US jobs recovery may be impeded by debt issues in Washington

Hiring will continue in 2014, but cautiously, according to CareerBuilder’s Annual Job Forecast.

The forecasters added that debt issues among US lawmakers may continue to undermine a more accelerated US jobs recovery.

In 2014, twenty-four percent of firms say they will be taking on new full-time employees, compared to 26% in the beginning of 2013. Twenty-three percent today say their hiring will be at a slower rate than last year, or will not consider increasing their workforces until the debt ceiling is resolved.

Matt Ferguson, CEO of CareerBuilder, said:

“The general sentiment shared by employers whom CareerBuilder talks to every day is that there will be a better job market in 2014. What we saw in our survey was reluctance from some employers to commit to adding jobs until the outcomes of debt negotiations and other issues affecting economic expansion are clearer.”

“As these stories play out and employers find their footing in the New Year, there is greater potential for the average monthly job creation in 2014 to exceed that of 2013.”

Harris Interactive carried out a nationwide survey from November 6th to December 2nd; the survey included 2,201 hiring managers and human resource professionals across a broad range of industries and company sizes.

US employment

Source: CareerBuilders

US jobs – Full time hiring

Twenty-four percent of companies plan to take on full-time staff this year, compared to 26% last year. However, 10% are still unsure what their hiring plans might be in 2014.

Thirteen percent say they expect to reduce their workforce, compared to 9% in 2013. Fifty-four percent say they anticipate no changes this year in their hiring plans.

US Jobs – who have the best prospects?

Hiring for science, technology, engineering and math (STEM) occupations is expected to increase considerably this year, with 26% of companies planning to take on employees in these areas.

Employers say they plan to raise salaries the most in sales and information technology in 2014, as well as hiring new employees in these two sectors.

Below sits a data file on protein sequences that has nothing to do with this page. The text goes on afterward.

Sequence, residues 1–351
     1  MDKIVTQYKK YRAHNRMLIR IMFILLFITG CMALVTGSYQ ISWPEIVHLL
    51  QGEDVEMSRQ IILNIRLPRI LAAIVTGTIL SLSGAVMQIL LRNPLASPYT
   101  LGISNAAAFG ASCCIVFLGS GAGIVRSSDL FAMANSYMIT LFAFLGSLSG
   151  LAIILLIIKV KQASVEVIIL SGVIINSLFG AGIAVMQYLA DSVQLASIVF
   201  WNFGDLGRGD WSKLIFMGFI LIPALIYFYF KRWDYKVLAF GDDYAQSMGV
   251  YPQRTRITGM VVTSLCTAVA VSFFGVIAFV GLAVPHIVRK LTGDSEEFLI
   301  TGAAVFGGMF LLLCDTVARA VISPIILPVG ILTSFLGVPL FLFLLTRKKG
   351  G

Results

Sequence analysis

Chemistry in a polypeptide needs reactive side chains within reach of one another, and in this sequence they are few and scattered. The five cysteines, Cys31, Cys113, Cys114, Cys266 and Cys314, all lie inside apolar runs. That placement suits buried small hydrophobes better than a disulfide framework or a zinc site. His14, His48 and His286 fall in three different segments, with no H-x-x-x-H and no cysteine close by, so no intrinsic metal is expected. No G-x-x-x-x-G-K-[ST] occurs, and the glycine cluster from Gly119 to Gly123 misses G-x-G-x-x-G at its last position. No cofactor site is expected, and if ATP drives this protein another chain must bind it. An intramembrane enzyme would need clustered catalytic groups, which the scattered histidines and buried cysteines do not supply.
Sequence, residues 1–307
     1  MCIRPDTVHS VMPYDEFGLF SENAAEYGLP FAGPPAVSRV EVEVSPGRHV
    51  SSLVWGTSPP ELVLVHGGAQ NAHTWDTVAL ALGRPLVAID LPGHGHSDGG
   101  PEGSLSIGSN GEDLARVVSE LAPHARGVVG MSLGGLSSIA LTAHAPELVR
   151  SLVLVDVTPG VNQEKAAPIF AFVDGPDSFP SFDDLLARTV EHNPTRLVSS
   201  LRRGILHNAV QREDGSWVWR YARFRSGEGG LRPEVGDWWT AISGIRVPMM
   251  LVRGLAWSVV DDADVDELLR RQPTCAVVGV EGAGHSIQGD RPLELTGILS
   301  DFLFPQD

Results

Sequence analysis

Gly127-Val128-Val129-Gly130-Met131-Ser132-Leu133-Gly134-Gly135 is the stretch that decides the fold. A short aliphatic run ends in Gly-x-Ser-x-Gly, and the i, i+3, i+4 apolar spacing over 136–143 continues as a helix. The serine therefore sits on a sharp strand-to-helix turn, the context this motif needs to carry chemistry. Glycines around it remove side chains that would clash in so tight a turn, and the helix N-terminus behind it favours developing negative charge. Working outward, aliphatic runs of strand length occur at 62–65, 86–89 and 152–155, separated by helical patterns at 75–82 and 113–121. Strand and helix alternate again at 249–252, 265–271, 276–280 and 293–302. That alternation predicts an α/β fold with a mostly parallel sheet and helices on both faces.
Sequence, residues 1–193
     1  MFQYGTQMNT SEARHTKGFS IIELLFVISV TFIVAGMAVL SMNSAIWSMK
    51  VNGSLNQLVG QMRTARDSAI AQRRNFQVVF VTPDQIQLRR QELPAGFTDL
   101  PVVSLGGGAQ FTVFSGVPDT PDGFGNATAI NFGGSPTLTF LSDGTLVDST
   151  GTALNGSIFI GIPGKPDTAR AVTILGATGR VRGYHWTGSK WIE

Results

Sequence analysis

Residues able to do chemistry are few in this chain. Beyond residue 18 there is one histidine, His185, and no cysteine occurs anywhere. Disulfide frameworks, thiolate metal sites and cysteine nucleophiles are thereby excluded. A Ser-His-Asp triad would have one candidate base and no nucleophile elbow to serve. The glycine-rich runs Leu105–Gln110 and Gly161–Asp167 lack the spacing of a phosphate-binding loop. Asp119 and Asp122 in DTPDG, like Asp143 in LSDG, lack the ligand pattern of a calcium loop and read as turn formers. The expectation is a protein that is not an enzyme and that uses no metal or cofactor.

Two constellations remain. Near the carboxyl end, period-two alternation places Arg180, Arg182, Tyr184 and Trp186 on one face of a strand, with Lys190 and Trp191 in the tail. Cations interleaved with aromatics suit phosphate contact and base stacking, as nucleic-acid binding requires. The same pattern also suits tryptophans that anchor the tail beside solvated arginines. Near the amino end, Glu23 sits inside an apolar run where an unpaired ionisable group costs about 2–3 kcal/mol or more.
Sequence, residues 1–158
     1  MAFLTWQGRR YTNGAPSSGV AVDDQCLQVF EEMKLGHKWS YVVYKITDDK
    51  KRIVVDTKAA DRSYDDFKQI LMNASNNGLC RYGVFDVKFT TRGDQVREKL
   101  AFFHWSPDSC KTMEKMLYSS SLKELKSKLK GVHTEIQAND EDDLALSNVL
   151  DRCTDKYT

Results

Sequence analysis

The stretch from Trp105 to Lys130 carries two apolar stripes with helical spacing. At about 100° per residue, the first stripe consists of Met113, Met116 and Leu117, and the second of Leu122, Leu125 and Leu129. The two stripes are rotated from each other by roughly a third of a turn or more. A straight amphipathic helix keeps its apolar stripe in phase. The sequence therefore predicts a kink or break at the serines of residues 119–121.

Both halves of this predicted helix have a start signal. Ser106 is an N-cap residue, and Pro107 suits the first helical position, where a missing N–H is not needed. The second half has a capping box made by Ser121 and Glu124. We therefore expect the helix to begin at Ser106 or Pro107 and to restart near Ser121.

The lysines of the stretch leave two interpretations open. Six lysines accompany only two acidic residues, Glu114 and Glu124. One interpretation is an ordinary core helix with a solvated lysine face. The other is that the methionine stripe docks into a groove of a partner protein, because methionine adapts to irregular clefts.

Below is a list of job positions and the percentage of respondents who plan to hire new staff in these areas:

  • Sales – 30%
  • IT – 29%
  • Customer Service – 25%
  • Manufacturing – 24%
  • Administrative posts – 22%
  • Engineering – 17%
  • Marketing – 17%
  • New Business Development – 17%
  • Finance and Accounting – 15%
  • R&D (Research and Development) – 13%
  • Human Resources – 10%

Temporary employees are making up a larger proportion of the workforce within companies. Forty-two percent of companies expect to take on contract or temporary workers in 2014, compared to 40% in 2013. Forty-three percent of them plan to offer some temporary workers full-time, permanent positions.

US job trends to look out for in 2014

Recruitment of part-time workers – as a result of the Affordable Care Act, 17% of employers say they expect to take on part-time workers. Twelve percent say this is because of the Affordable Care Act.

Repatriation of jobs – also known as “onshoring” jobs, means bringing jobs back home that were sent offshore (abroad). Twenty-six percent of companies say they plan to bring US jobs back home from abroad, compared to 23% last year.

Widening skills gap – 51% of human resource managers say they have job vacancies for which they cannot find qualified candidates. Forty-six percent of respondents say these vacancies remain unfilled for at least three months.

Training – 49% of companies say they plan to train unskilled people because of the skills gap, compared to 39% in 2013. Twenty-six percent are sending staff back to college to get advanced degrees, and either paying for all or part of the cost.

Hiring people from high school – 27% of employers say they are approaching high school students in their schools.

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